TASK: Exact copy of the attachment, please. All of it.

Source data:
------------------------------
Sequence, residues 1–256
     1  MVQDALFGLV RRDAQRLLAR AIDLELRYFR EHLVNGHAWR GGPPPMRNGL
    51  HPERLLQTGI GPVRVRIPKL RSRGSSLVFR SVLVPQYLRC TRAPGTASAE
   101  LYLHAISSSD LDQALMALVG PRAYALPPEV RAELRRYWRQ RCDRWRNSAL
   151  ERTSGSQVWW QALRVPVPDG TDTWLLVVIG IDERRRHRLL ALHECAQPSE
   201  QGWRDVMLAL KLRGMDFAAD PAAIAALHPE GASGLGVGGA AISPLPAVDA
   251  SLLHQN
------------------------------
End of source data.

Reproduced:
Sequence, residues 1–256
     1  MVQDALFGLV RRDAQRLLAR AIDLELRYFR EHLVNGHAWR GGPPPMRNGL
    51  HPERLLQTGI GPVRVRIPKL RSRGSSLVFR SVLVPQYLRC TRAPGTASAE
   101  LYLHAISSSD LDQALMALVG PRAYALPPEV RAELRRYWRQ RCDRWRNSAL
   151  ERTSGSQVWW QALRVPVPDG TDTWLLVVIG IDERRRHRLL ALHECAQPSE
   201  QGWRDVMLAL KLRGMDFAAD PAAIAALHPE GASGLGVGGA AISPLPAVDA
   251  SLLHQN